Hello, getting ready to apply for a mortgage is certainly a big decision, so completely understandable you're a bit nervous about it.
It sounds like your credit scores are in pretty good shape. One thing I want to note is, are you sure one of the hard inquiries is from the collection agency? Collection angencies are allowed to look at your credit but this would be a soft pull. Hard Pulls are only for when you're applying for credit somewhere.
As for your loans, these aren't crazy high payments, so you might be okay. You didn't include your income so it would be hard to say where your DTI level would sit. If you want to include your income here, can help determine if that would a good DTI level.
I would certainly try to refinance those student loans as you would almost certainly get lower interest rates and help get your payments down. That would then help you be more comfortable with your monthly payments after securing a mortgage. I would not be too concerened with them pulling your EQ report as those are paid collections and aren't likely to have an affect on the new loans. I don't think I'd aggressively pay them down anymore than you already are. The balances are high enough where you'll already be paying on them for a while. You'd be better off saving that other portion of money for downpayment and closing costs.
At around 5% down payment, there are some conventional loan options out there that will work with this. Your scores seem like they'll be plenty good enough for the conventional route. I would ask whomever your apply with to give you quote comparisons for FHA vs Conventional and see the costs of both options
Hope this helps
Out of curiosity, why the wish to buy after renting for the last 15 years? Especially, assuming no childeren will still be living at home.
I've done a little research into owning versus renting, and it'n not that much cheaper by the time you add interst to the loan and housing upkeep/repairs over the years. I've gone back and forth several time on whether to buy or keep renting, simply because rent is getting a tad outrageous lately. But it's still cheaper than the expense of owning, and being single I like the feeling of not being tied down to a place.
Just curious is all, since it seems so many people seem to want to buy a house. And some at a very young age today, yet don't stay very long.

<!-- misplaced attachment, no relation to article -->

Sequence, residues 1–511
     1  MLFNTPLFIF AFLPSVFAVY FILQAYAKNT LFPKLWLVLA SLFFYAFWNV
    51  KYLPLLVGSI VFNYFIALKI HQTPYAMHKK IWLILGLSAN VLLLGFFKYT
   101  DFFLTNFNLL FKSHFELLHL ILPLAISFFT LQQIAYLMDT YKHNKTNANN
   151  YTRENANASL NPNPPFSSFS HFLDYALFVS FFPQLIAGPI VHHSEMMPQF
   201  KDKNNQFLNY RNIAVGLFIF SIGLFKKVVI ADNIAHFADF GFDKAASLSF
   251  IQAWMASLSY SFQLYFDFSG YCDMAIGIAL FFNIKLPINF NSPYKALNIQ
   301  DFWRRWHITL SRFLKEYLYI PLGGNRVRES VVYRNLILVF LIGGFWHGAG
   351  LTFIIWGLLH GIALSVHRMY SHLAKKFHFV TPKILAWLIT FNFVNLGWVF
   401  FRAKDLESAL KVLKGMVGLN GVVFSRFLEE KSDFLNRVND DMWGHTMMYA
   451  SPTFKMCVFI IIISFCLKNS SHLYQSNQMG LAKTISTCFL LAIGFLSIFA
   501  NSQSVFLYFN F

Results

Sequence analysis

My grandaparents didn't buy a house until very late, my Parents were in their mid thirties before their first house purchase.
In those days you bought a house tostay there most of your life, and possibly retire there. Or at least until kids graduated. But today I see so many people moving after about 5 years. I guess I don't quite get the house buying appeal. Then again I don't stay too long in one place, so owning probaly isn't right for me. I bought my first house very young and have rented it out 90% of the time, due to work I couldn't stay there. But couldn't sell it because it was close to Family etc.
@Janus I think as you mention it depends on what people want to do. Personally I've had a few times where I was renting, liked where I was living. However, after my lease was up the owners decided they wanted to sell to someone and I had to move. So I hated that feeling of someone deciding for me I had to move. For yourself where you mention you don't stay in one place long, renting makes a lot of sense.
So in summary I think it depends on a personal preference. Personally I don't want to move every 5 years. I do have younger kids so that factors into it.
As someone else mentioned they will use your middle mortgage score (not average). So even if your EQ is lower, that's okay since it won't be used. I think your scores are plenty good enough to qualify for a great rate. As a reference I have a middle score of 670 and was just approved for 4.075.
As for the student loans, as the other poster mentioned this may be true. I also did a FHA, and they simply just used the payment that shows on my Credit Report. They didn't even ask to see my payment agree with the loan servicer. So if you're already on the fixed payment plan, you're likely fine.